Star power can’t save ‘Last Chance Harvey’
The Observer | Monday, January 26, 2009
Sometimes, when two big stars come together, there’s instant movie magic. The inexact science of film chemistry is hard to find but easy to recognize – it takes a duo like Meg Ryan and Tom Hanks, for example, to turn a film about AOL users into “You’ve Got Mail.”
Hollywood legends are often born of the best star duos: Spencer Tracy and Katherine Hepburn, Fred Astaire and Ginger Rogers, or Mickey Rooney and Judy Garland are a few.
But sometimes, despite the star power of the two actors involved, a pair falls a little flat. Claire Forlani and Brad Pitt are both strong actors, but “Meet Joe Black” was a depressing dud. Debra Messing is a solid comedienne, but she and Dermot Mulroney (“My Best Friend’s Wedding”) couldn’t spark a compelling romance in “The Wedding Date.”
The stars of “Last Chance Harvey,” Emma Thompson and Dustin Hoffman, shouldn’t have this problem. Thompson is almost criminally underused in the film as Kate Walker, a lonely survey worker who spends her days at London’s Heathrow Airport in a frumpy uniform, well-aged scrunchy and sad-eyed expression. Hoffman is perpetually uncomfortable as Harvey Shine, a lonely American who takes a chance on a serendipitous weekend in foggy old London with Thompson’s Kate.
But despite both Hoffman and Thompson being cinematic heavyweights, the pairing never clicks. It’s due to both actors’ talent that the film works at all, but the result is an underwhelming 92 minutes of two people who deserve better material.
Harvey Shine is, by conventional standards, a loser. His job as a commercial music composer is hanging by a thread. His youthful ambition to be a jazz pianist has clearly fallen to the wayside. And his daughter Susan (Liane Balaban) just asked her stepfather, Brian (James Brolin), to walk her down the aisle at her posh London wedding. When he skips Susan’s reception to fly home and nail a critical business deal, he misses the plane and subsequently loses his job.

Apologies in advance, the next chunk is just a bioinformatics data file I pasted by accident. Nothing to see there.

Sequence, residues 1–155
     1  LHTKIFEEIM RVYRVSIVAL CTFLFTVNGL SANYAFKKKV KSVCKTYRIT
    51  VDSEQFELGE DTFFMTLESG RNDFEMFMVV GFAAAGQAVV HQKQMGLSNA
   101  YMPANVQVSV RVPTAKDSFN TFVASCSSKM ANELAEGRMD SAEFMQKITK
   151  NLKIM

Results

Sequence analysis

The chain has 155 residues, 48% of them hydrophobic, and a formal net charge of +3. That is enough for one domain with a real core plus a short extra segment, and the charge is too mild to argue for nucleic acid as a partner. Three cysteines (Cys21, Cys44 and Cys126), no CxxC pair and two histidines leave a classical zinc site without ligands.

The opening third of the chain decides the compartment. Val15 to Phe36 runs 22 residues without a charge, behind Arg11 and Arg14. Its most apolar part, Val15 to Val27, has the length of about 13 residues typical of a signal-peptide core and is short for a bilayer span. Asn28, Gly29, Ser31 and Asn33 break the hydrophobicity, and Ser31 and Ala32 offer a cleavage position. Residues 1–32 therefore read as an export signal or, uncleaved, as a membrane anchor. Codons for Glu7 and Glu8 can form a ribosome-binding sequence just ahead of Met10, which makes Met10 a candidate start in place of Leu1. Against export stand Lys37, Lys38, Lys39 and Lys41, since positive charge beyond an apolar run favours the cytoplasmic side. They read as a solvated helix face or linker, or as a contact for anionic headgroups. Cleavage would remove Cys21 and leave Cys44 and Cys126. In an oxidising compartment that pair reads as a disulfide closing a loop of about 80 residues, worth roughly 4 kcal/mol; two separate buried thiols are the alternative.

It’s a tough situation for what Hoffman makes out to be a sympathetic character. Quiet but direct, sometimes smooth but painfully awkward, Harvey barely fits into the new life his daughter and ex-wife are living without him. It’s interesting to watch Hoffman play with another side of American masculinity, calling to mind both his performance in “Death of a Salesman” and his iconic role in “The Graduate,” as though Harvey were an older Ben Braddock with something of a Willy Loman complex.
Simultaneously, writer-director Joel Hopkins gives us Kate, a woman whose friends set her up on blind dates with younger men, and whose mother’s incessant phone calls inevitably ruin whatever semblance of a dating life she has left. Thompson is a smart, funny actress, and it’s odd to watch her play an uncomfortable frumpster. Still, she handles the role with her usual ease, and her presence really makes the film.
The setting of “Last Chance Harvey,” ironically enough, is the character who deserves better material the most. The city of London barely appears in a film that allegedly takes place there. While the film’s advertising would lead a viewer to believe that Britain’s capitol plays its own part, the reality is more disappointing – even though Paddington Bear makes a cameo.
The cinematographer succeeds at capturing each day’s waning light – a subtle play on the film’s themes of life’s passage and late opportunities.
It’s fitting, then, that the film ends on an optimistic sunny morning, with Harvey and Kate walking by the River Thames.
But with a script that only occasionally reaches real heights – watch for Harvey’s speech at the wedding reception – audiences are left wondering where a better film might have taken these two actors.